Thinking about the Weather

by soozkim

In 1994, Paul Auster gave Sophie Calle a six page guide entitled: The Gotham Handbook – Personal Instructions for S.C. On How to Improve Life in New York City (Because she asked ….)  Calle followed these instructions every day for a week.   She documented what she did and what happened and made an exhibit of it.

In 2013, I was in Hamburg, Germany and saw an exhibit of this project at the Hamburger Kunsthalle.  Auster’s Handbook is a beautiful and very humane piece of writing with four short suggestions:

  • Smiling
  • Talking to Strangers
  • Beggars and Homeless People
  • Cultivating a Spot

The part on Talking to Strangers has weighed on my mind for months now, to the point where I considered returning to Hamburg to see the piece again and copy down the exact text of the Handbook.  Fortunately, Sophie Calle published this project in a book called Sophie Calle: Double Game.  The Handbook is the closing section of the book.

In talking to strangers, Auster recommends talking about the weather.

If you find yourself running out of things to say, bring up the subject of the weather.  Cynics regard this as a banal topic, but the fact is that no subject gets people talking faster.  Stop and think about it for a moment, and you’ll begin to see a metaphysical, even religious quality to this preoccupation with wind-chill factors, and Central Park snowfall accumulations.  Weather is the great equalizer.  There is nothing anyone can do about it, and it affects us all in the same way–rich and poor, black and white, healthy and sick.  The weather makes no distinctions.  When it rains on me, it also rains on you.  Unlike most of the problems we face, it is not a condition created by man.  It comes from nature, or God, or whatever else you want to call the forces in the universe we cannot control.  To discuss the weather with a stranger is to shake hands and put aside your weapons.  It is a sign of good will, an acknowledgement of your common humanity with the person you are talking to.

-Paul Auster on Talking to Strangers from The Gotham Handbook (for Sophie Calle)

His discussion of the weather has rearranged some of the furniture in my brain.

Cloudy with a Chance of Rain
It had not occurred to me that the weather was a topic in need of defense or justification.  But I can think of many situations in which someone apologetically has brought up the topic.  In the past I have eschewed the topic of the weather, whenever possible.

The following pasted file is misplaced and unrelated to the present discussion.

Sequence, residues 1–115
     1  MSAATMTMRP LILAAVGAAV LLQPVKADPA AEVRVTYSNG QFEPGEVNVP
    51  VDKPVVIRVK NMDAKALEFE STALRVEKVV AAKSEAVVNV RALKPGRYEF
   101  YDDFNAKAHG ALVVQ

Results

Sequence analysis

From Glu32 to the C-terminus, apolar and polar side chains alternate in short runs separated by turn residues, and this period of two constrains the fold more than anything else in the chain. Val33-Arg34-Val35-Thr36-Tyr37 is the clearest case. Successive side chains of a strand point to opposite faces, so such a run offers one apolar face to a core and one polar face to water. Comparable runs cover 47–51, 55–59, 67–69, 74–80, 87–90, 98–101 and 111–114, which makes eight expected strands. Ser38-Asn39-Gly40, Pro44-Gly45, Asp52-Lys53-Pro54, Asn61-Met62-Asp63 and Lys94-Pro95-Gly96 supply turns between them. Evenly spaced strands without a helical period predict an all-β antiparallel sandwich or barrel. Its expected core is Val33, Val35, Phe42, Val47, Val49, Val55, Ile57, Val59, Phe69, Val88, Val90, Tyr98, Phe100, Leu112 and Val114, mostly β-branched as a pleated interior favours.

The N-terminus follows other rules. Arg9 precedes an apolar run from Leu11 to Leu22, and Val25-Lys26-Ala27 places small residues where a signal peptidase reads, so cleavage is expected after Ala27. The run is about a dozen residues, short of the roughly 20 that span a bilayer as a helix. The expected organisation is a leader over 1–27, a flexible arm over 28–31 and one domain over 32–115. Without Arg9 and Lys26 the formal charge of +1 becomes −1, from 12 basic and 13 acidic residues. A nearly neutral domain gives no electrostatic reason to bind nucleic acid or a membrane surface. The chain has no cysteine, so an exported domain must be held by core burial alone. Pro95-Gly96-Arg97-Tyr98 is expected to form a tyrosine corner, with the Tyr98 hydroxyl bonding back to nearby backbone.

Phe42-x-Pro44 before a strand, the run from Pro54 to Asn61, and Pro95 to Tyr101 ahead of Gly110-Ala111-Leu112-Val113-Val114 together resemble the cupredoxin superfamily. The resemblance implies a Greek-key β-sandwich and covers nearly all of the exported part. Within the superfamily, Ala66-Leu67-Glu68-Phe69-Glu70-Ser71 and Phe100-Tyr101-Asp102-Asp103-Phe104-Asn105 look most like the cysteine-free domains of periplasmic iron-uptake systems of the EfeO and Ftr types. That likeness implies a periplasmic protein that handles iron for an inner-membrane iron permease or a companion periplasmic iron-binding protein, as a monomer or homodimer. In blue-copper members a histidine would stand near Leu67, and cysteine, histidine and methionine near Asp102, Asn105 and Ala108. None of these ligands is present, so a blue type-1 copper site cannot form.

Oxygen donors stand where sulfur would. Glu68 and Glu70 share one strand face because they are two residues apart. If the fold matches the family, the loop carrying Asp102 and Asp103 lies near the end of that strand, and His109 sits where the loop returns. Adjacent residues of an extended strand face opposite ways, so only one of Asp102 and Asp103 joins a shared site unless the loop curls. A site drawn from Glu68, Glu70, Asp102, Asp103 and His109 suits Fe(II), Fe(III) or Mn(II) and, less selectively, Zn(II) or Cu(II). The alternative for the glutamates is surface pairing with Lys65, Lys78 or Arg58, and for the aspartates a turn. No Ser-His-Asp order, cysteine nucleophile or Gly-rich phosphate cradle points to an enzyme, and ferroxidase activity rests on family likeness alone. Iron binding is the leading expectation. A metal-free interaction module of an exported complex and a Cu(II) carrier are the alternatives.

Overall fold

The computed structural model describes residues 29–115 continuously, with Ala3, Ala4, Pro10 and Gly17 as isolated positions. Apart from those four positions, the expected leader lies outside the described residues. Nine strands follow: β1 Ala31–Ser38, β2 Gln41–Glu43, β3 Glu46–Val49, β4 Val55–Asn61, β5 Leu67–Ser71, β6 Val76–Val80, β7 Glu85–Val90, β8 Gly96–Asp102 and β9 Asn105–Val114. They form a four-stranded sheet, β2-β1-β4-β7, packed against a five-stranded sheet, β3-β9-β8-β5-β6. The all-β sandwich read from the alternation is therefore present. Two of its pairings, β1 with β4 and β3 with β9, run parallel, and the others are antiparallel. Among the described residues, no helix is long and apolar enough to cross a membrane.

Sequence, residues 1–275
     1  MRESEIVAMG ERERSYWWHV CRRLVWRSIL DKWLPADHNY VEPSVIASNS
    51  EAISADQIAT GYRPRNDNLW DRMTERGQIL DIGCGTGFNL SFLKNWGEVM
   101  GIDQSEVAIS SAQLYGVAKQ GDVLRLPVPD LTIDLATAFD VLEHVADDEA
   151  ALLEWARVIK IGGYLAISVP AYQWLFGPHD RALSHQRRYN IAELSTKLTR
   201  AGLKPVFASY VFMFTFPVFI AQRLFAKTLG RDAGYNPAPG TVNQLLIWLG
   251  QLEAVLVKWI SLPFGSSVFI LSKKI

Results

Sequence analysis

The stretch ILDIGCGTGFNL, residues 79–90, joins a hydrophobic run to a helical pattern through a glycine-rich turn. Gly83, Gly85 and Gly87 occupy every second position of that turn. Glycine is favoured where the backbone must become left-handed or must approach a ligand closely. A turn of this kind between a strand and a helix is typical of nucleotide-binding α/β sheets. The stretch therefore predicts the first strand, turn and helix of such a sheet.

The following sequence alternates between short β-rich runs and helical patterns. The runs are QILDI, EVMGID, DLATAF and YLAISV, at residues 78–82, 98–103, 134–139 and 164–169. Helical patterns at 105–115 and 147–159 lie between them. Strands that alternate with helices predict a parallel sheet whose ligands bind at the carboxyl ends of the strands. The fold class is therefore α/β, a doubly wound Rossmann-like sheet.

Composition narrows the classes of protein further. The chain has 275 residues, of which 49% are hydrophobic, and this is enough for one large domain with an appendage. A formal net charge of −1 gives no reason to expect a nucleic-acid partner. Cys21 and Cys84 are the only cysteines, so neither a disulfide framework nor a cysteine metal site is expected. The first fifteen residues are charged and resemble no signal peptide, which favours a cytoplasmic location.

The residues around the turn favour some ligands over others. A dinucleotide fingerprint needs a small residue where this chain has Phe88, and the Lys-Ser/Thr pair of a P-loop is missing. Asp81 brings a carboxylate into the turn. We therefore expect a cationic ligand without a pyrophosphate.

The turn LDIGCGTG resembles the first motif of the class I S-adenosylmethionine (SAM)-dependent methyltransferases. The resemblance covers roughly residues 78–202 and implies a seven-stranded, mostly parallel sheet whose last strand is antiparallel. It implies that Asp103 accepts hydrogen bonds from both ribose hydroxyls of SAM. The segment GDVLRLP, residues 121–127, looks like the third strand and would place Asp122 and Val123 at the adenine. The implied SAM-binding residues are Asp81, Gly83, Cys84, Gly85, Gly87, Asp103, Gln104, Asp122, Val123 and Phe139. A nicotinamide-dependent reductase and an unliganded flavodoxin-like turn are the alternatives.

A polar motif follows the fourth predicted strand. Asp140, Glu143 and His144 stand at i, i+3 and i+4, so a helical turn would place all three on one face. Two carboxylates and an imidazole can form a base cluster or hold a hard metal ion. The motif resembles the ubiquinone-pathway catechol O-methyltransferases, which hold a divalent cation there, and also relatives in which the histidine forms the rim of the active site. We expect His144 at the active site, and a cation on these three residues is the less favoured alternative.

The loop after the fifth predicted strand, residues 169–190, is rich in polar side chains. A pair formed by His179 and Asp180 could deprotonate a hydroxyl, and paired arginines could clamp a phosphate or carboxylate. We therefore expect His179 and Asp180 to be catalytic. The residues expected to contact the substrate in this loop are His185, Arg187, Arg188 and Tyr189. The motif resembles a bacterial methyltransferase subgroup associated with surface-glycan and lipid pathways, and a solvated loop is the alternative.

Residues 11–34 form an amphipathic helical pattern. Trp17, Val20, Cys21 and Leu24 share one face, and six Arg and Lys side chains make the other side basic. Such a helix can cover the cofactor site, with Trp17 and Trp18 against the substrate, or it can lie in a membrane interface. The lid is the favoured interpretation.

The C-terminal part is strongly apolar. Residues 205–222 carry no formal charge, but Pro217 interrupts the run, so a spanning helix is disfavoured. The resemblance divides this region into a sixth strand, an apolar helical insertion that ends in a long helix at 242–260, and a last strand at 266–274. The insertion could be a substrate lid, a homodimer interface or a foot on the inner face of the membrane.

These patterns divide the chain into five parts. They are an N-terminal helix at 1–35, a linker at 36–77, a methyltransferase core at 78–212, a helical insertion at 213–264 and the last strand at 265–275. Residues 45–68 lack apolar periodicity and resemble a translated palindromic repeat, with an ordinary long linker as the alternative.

A Cold Front
I am not good at talking to strangers.  I am not good at small talk.  I am never know what to say.   More and more it feels like I am having trouble talking to people in general.

Record High Temperatures
In light of Auster’s words, besides a reconsideration of the subject of the weather, I may have to rethink much of my understanding about what conversation is and what purpose it serves.  It’s possible that I have been doing it all wrong.

Tornado Watch
In the Handbook, Auster argues that “It doesn’t matter what you talk about.  The important thing is to give of yourself and see to it that some form of genuine contact is made.”

The Jetstream
My problem has been an expectation of giving and receiving new information and ideas.  This is rarely the point of a conversation.  I have been overly focused on the content of what I am offering and what other people are offering me.  Thus entirely missing the point of 99.9% of all conversation on the planet.

A Fog
While following the Handbook, Calle found it challenging to smile and talk to strangers.  I can only imagine that trying sincerely to make “genuine contact” with total strangers would be both intense and taxing.  But this is not to say that it is not also potentially meaningful and satisfying.  I ponder setting an intention to talk about the weather more often with everyone.  Perhaps it would facilitate more genuine contact.  Perhaps there is not enough of that in the world right now.

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